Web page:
Jennifer dared me to do it. I hate needles. The idea of voluntarily having a needle sick me in the finger until I bleed is not a good time in my book. Still, I did it.
Stephanie Sanchez, 22 years old, sits at the Occhiato University Center lobby at Colorado State University-Pueblo waiting for anyone who would like to have their cholesterol checked for free. She said she works for the Pueblo County Health Department, visiting different locations throughout the city to offer this service to those who might not get it checked otherwise.
Don’t let external appearances fool you, she warns. Stephanie said she was shocked the first time she had her cholesterol checked expecting it to be bad numbers since she is overweight. Instead she found out she was well within healthy ranges, she said.
“You can’t see cholesterol,” Stephanie said.
On average five out of 10 overweight people she has checked are like her: expecting poor results, and receiving good numbers, Stephanie said. In contrast, four out of 10 people who appear healthy are shocked to find out their numbers are not as good as they had assumed.
So Jennifer dared me to do it and I was curious. I’m petite and not overweight, but by no means am I super healthy. If people who are more “fit” than I am have bad numbers I could be anywhere.
I gave my name and birth date, which were entered into the computer. In a matter of moments it was time.
One, two, three, deep breathe. And it was done. I barely even felt it.
More questions followed in the ten minutes it took the machine to work: family medical history, diet and exercise habits and of course my height and weight.
The machine spit out seven numbers and Stephanie explained them to me. Even though I’m well within healthy ranges, I should still try to give up at least one bad habit.
High Density Lipids (HDL) are what is commonly referred to as “the good cholesterol” and is a number that should be more than 40. For those who want to be in optimal health, target numbers are higher than 60.
Low Density Lipids (LDL) are referred to by many as “the bad cholesterol” and the number should be below 129. Optimal health target number is below 100.
Total Blood Cholesterol Level should be below 200, according to the American Heart Association. This number is most important when compared with HDL and LDL. If all of those numbers land within the desirable range, then the risk of coronary heart disease is lower.
Triglycerides (TG) are a form of fat the body produces. High triglycerides are from most bad habits such as sedentary life, smoking, excessive alcohol consumption and eating too many carbohydrates. The target number for triglycerides is below 150, according to the American Heart Association.
Blood Glucose Level is a measurement of how well the body is processing out the sugars that are eaten. Recently the American Heart Association changed the range of target numbers. It used to be any number between 80 and 120 was considered safe, but now they have lowered the high number to 100, to help combat the increase of Type 2 Diabetes patients.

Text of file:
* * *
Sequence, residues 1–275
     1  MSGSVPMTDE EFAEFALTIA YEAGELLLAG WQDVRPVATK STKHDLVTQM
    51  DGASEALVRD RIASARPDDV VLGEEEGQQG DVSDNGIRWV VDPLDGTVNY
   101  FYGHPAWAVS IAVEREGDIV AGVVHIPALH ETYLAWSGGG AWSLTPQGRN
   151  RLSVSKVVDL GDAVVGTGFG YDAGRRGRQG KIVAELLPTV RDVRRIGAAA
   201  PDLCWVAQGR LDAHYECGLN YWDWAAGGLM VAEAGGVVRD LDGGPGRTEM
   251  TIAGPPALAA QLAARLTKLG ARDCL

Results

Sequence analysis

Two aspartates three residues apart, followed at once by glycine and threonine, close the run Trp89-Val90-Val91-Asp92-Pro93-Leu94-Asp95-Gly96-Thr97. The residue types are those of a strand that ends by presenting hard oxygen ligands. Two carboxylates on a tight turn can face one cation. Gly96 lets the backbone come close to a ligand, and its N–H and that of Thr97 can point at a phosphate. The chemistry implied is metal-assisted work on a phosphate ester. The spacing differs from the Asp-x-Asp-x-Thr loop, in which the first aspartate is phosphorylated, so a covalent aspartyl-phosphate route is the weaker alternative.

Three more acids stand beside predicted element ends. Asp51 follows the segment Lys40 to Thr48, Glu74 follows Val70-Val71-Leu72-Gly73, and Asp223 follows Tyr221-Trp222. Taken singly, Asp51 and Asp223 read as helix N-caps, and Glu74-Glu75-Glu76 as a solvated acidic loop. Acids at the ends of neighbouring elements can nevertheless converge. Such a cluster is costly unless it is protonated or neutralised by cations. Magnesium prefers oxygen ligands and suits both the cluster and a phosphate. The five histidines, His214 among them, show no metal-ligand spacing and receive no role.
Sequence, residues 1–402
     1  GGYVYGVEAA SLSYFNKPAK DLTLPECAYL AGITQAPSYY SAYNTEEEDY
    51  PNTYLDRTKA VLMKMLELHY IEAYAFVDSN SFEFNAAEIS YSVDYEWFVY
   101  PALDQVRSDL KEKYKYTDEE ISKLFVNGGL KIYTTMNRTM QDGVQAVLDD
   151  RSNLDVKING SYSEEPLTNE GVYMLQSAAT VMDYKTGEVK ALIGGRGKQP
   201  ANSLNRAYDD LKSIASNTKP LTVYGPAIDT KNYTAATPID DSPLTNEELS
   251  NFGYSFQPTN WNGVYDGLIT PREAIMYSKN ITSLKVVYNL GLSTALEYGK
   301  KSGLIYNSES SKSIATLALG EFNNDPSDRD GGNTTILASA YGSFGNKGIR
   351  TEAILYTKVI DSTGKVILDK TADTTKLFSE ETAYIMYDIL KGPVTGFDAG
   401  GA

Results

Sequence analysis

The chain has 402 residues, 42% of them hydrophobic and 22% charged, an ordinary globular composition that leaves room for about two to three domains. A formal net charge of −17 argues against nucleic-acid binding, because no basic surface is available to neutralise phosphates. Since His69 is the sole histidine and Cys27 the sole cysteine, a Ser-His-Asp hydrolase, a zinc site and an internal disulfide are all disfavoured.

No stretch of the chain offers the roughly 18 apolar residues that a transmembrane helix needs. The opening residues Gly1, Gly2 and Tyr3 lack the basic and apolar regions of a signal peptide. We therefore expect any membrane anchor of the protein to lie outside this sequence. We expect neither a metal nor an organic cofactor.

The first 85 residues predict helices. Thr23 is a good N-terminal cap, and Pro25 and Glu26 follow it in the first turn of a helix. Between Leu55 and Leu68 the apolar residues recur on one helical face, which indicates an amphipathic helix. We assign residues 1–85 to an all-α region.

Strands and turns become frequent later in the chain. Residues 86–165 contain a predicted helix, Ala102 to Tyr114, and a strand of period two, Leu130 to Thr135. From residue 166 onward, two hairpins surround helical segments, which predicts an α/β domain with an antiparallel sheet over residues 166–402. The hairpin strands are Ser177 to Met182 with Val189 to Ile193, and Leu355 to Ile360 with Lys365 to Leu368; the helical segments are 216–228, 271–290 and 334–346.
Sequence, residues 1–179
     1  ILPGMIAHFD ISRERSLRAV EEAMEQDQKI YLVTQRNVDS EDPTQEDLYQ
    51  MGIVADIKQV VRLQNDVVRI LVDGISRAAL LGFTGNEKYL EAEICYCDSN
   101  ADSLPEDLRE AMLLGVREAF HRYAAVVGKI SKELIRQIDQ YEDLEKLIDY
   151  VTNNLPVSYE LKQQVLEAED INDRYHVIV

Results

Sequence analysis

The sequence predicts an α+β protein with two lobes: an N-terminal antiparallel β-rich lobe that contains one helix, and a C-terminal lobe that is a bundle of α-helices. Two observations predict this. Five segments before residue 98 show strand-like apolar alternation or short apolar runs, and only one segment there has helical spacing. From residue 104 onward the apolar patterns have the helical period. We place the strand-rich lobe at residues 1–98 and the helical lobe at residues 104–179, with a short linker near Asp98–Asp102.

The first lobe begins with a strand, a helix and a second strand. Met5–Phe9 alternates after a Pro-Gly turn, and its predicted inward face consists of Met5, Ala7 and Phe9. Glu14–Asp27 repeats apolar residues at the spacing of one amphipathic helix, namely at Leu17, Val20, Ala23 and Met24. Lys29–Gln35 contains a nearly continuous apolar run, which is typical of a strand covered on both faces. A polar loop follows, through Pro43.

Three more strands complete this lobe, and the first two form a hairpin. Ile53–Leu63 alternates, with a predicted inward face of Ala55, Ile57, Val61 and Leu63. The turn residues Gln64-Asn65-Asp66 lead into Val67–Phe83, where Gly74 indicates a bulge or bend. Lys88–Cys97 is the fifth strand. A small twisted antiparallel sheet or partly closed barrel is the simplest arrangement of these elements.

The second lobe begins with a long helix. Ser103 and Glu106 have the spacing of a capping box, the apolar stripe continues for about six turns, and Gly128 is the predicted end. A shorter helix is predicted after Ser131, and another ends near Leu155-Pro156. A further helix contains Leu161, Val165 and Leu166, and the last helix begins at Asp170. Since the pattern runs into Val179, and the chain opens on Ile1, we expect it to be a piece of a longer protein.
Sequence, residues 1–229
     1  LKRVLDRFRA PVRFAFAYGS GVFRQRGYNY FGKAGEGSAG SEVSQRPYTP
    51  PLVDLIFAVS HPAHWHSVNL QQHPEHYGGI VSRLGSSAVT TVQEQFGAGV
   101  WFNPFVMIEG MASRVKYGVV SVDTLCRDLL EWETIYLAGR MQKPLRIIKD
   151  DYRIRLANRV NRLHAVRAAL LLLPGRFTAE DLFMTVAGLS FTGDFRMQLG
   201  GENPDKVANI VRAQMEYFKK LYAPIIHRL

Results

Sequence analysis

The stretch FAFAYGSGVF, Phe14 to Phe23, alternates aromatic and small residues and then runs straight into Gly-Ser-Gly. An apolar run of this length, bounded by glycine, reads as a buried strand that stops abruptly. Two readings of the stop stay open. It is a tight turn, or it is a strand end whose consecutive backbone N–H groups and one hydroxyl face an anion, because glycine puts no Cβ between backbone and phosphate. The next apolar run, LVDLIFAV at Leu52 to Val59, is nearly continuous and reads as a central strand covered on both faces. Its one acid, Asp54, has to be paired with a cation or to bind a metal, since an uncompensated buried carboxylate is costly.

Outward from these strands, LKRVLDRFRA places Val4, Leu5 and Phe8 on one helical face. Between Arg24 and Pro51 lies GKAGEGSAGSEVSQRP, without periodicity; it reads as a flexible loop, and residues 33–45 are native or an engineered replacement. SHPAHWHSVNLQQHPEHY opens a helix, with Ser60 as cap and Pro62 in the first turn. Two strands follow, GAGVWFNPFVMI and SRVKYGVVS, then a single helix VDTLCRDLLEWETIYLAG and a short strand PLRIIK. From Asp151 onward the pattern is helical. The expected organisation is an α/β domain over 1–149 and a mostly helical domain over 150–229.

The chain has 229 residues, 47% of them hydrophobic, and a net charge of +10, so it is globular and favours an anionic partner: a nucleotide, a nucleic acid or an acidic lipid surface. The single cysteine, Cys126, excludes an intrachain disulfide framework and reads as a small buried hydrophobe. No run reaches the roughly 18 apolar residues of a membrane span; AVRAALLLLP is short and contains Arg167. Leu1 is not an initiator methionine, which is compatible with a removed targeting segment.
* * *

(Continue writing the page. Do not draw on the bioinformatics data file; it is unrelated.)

Body Mass Index (BMI) is a measurement of the total percentage of body fat to all other body compositions. Anything between 18.5 percent and 24.9 percent is healthy, according to the American Heart Association.
Framingham Risk Score is based on risk factors and cholesterol levels. Stephanie explains it as the likelihood of developing coronary heart disease: the lower the number, the lower the chances.
Jennifer Day, a 25-year-old student majoring in exercise science and health promotion at CSU-Pueblo, had a slightly different reason for having her cholesterol checked. Her husband is starting an exercise program, she has a little one at home and most importantly it’s free, she said.
Day said she was little surprised with her results since they were higher than the last time she had been tested. Her answer to that is to jump into training with her husband.
Older students at CSU-Pueblo are taking advantage of the free service, too. Tanamarie Rivers, 50, is a non-traditional student who realizes the importance of monitoring cholesterol regularly.
“Anytime they offer it free, I check it,” Rivers said. “I have very good cholesterol, and I want to make sure it stays that way.”
It is important to take advantage of this opportunity to get a free test, Stephanie said. She also emphasized the importance of maintaining a healthy life style: exercising, eating plenty of fruits and vegetables and reducing alcohol and tobacco use.
You can get your cholesterol tested for free Jan. 30 in the OUC lobby from 9 a.m. to 3:15 p.m.. Don’t eat or drink at least two hours prior to the screening.
Learn more at http://www.americanheart.org/